A powerful way of quickly establishing influence in a country is to stage a coup using the operations value of a card. Less stable countries are easier to coup. However, if you coup a battleground country you lower the DEFCON rating by 1. The DEFCON rating determines where coups are possible and how close the world is to nuclear war – at DEFCON 5 you can coup anywhere, at DEFCON 4 Europe is prohibited, for example. Africa and South America are fair game whenever. If you coup a battleground country at DEFCON 2 you trigger nuclear war, and forfeit the game.
Military Operations Requirements
Players are required to complete a certain number of coups or War Events per round determined by the DEFCON level, or they are penalised by deducting VPs. I particularly like this feature of the game which is clearly out of the neo-realism textbook of geopolitics. Players must be aggressive, but not recklessly so. One of the event cards is called ‘Flower Power’ which favours the USSR by making it harder for the US to start wars in places like Korea. These connections to real history and geography are what make TS so compelling. You end up with a good knowledge of the history of the Cold War.
Space Race and China
The game cleverly incorporates the Space Race by having a space race track that players can advance along separately from the main game. You can discard event cards that would help your opponent by using them up on the space race track. Achieving milestones such as landing on the moon brings special abilities to your superpower. China is represented in the game by the China Card which gets passed to the other player once played. This game dynamic represents how both superpowers tried to play China to their advantage during the Cold War; with Henry Kissinger actually coining the phrase “playing the China card”.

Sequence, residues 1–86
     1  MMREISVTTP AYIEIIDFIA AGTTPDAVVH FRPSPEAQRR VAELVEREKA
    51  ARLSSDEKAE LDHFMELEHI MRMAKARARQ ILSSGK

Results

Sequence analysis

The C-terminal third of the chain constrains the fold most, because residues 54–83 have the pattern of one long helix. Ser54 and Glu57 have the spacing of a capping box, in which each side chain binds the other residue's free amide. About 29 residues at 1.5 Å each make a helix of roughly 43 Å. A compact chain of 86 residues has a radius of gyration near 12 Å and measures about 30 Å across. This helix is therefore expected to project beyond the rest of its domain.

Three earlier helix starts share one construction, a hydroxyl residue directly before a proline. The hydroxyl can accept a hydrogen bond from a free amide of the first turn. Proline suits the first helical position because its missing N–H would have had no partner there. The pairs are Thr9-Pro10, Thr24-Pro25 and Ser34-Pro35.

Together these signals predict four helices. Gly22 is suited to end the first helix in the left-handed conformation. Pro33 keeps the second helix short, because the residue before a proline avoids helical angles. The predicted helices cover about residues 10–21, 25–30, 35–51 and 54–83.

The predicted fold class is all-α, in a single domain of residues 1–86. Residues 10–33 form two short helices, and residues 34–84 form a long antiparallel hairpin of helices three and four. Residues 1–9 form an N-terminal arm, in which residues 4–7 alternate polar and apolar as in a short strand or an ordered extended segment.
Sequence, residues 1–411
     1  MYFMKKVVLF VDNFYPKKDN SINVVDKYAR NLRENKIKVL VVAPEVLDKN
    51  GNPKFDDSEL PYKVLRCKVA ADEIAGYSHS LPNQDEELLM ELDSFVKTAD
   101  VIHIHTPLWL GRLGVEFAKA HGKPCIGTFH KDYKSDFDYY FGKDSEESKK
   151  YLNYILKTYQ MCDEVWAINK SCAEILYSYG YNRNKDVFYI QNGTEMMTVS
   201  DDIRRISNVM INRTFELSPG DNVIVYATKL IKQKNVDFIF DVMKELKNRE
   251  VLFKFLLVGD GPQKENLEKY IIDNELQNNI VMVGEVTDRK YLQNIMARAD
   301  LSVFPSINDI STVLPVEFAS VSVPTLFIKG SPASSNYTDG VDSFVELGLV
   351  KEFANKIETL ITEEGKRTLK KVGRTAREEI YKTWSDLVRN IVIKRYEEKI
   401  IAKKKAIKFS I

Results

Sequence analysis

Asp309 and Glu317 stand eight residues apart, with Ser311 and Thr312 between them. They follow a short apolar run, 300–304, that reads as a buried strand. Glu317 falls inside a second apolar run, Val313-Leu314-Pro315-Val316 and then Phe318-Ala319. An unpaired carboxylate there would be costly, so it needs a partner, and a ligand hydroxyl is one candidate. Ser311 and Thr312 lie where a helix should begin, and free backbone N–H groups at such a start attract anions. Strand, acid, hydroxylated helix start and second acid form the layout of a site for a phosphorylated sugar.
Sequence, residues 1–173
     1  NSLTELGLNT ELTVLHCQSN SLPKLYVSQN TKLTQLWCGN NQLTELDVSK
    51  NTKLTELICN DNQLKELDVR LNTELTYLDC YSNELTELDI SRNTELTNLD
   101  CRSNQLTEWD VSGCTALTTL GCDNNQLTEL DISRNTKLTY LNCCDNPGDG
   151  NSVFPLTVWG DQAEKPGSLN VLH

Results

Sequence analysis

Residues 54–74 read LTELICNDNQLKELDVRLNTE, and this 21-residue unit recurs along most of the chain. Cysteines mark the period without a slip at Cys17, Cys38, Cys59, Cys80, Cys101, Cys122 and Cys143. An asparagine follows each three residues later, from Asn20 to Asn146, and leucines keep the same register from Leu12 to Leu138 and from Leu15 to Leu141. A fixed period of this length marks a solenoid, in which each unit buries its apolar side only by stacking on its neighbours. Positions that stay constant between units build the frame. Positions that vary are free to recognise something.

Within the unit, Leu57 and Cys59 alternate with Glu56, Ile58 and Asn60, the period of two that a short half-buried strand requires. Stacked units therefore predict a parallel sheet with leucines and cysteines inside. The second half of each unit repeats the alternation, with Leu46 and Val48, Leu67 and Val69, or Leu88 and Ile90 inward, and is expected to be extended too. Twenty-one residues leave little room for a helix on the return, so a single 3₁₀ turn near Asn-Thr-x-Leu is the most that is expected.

Learning to Play
Learning to play TS is relatively quick once you understand the order of play, how to place influence and how to conduct coups. It takes a while to learn to play the game well though because you need to learn the key event cards and when to take advantage of them, or mitigate them. A quick example – the Brush War card allows a player to start a war in a country with a high chance of success if the opposing player doesn’t control the neighbouring countries. I learnt about this the hard way when my opponent used it to take control of Italy, a popular target for this card. This took me completely by surprise and shifted the balance of power in Europe to the USSR in one go. It is also surprisingly easy to trigger nuclear war by mistake when a beginner. This can make TS feel complicated and overwhelming at first. However, the learning curve is actually quite fast once you play a few games.
I’ve recently got back into TS playing the android app version against the computer AI opponent. It can be difficult to find someone to play the actual board game with, so the app is an excellent way to learn the game on your own and play online. So far I’ve been very impressed with the app version. Some reviewers have complained about the AI cheating or dice roles not being random, but I haven’t noticed this. It is very slick and the soundtrack creates a lot of atmosphere and tension. That said, the physical board game is a thing of beauty. It’s not cheap but is well worth the price for the quality and period feel.
In conclusion, if you like strategy games, cold war history, or have a megalomaniac streak, Twilight Struggle is well worth checking out.
© text & images JimmySP 2022